Will be interesting to see if any generics manufacturers try to make it after the patent expires. Seems uniquely inimitable.This is the more exciting news for antipsychotics: http://www.in-pharmatechnologist.com/Regulatory-Safety/NDA-for-first-tablet-with-stomach-activated-digital-sensor
This could be a benefit for some patients and definitely would have it's place in treatment planning, but we already have too much focus on medication compliance and control IMO. What I mean by that is that the more we try to make patients do things the more we increase their natural resistance. It's difficult enough to convince a psychotic patient that consistent administration of their medications is in their best interest and the best way to do that is when they trust us. Many of the patients with psychotic disorders that I have spoken with about medications have legitimate concerns about the efficacy and safety of the medications. The more we address those concerns, the better the compliance.This is the more exciting news for antipsychotics: http://www.in-pharmatechnologist.com/Regulatory-Safety/NDA-for-first-tablet-with-stomach-activated-digital-sensor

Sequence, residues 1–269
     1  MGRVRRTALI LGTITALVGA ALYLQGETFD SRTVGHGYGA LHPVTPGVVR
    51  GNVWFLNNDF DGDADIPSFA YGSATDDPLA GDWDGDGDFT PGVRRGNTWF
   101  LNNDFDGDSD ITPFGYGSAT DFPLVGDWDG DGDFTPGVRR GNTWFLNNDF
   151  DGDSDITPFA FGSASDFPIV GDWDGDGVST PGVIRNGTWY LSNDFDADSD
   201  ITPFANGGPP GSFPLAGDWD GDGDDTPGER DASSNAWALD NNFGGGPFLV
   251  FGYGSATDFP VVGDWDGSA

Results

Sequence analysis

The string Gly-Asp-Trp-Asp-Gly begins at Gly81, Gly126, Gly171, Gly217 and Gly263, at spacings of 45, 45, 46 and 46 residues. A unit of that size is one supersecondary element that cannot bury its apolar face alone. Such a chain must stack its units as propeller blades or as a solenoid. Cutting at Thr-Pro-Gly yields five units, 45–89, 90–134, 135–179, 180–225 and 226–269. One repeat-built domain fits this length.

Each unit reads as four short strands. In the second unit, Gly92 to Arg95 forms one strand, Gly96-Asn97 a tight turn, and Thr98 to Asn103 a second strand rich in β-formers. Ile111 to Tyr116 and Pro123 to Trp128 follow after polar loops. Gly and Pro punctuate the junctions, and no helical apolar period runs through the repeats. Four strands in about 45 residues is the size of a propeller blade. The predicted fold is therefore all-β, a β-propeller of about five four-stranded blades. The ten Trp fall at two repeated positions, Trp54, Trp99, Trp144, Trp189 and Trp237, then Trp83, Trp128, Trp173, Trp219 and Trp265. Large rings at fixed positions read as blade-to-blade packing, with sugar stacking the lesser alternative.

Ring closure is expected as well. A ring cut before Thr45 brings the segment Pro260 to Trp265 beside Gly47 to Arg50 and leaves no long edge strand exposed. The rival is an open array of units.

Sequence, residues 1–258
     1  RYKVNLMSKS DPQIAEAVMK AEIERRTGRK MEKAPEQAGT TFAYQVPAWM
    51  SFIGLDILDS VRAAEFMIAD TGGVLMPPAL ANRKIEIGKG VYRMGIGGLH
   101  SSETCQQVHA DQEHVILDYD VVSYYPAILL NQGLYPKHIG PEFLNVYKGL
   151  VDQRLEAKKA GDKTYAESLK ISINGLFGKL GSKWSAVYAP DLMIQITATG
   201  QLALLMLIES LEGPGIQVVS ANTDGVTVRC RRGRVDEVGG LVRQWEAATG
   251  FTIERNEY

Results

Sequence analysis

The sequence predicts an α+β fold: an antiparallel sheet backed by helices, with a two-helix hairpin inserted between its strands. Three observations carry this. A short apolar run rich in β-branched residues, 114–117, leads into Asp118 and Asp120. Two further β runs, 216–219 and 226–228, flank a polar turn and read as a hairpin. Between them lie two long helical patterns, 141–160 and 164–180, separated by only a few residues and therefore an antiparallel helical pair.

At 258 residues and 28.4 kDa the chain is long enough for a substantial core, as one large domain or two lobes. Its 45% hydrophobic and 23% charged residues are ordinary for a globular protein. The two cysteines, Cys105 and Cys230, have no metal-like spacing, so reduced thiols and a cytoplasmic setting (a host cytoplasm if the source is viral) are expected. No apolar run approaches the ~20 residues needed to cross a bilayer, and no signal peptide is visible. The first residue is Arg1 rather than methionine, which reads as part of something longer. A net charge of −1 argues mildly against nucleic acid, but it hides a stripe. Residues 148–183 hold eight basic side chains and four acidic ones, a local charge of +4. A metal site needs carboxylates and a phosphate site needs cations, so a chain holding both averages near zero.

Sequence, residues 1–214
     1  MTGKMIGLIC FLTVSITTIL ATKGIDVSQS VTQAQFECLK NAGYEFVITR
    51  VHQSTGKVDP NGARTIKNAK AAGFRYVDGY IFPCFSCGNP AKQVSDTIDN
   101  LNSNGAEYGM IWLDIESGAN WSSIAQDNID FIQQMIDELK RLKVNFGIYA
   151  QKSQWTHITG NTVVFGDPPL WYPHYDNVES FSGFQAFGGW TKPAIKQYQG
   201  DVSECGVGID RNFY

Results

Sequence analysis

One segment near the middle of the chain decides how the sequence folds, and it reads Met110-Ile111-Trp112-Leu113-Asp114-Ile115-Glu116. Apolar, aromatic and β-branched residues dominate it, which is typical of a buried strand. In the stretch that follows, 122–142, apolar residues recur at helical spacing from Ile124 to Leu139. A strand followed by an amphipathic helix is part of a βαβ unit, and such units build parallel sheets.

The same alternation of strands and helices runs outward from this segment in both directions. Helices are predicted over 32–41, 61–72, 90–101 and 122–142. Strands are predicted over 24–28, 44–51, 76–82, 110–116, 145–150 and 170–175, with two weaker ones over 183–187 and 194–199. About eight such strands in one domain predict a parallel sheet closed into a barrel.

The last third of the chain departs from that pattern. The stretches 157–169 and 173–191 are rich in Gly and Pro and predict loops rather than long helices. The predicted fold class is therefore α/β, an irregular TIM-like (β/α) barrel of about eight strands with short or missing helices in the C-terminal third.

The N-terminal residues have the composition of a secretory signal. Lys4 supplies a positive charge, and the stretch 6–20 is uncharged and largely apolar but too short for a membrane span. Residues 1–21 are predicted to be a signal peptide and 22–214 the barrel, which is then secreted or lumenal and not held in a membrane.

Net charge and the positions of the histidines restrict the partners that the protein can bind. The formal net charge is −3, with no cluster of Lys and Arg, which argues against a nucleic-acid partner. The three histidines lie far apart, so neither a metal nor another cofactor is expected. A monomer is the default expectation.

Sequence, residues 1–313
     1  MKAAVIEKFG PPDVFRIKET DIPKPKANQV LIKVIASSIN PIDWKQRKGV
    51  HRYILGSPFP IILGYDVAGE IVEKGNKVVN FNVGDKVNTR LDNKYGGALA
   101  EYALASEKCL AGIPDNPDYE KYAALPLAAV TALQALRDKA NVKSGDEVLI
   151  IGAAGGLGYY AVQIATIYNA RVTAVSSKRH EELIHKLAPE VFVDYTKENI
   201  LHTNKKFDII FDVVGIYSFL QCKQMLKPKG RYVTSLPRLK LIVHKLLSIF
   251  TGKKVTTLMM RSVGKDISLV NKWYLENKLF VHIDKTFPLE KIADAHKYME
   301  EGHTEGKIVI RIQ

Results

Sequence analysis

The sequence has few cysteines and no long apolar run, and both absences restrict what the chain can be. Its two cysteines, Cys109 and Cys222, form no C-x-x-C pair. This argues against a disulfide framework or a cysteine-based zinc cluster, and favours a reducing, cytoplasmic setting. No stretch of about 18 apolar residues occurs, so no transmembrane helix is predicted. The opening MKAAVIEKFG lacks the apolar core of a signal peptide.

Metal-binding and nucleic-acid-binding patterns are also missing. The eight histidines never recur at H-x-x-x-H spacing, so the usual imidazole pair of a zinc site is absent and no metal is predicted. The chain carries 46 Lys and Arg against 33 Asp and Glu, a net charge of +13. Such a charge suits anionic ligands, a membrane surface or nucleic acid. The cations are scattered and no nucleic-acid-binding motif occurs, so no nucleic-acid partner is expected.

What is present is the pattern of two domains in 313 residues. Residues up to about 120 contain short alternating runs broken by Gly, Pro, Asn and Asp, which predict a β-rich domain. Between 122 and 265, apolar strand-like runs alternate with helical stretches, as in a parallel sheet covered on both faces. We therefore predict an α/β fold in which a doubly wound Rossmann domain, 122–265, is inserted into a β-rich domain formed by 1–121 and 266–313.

For this particular drug, I'm more interested in seeing if it might be more effective than Abilify with a similar tolerability profile... but all of the studies I found from a quick PubMed search only compared it to placebo, so I probably won't start prescribing it until/unless I see a study comparing it to another antipsychotic.Doubt we're going to get anything that works better than olanzapine from this approach.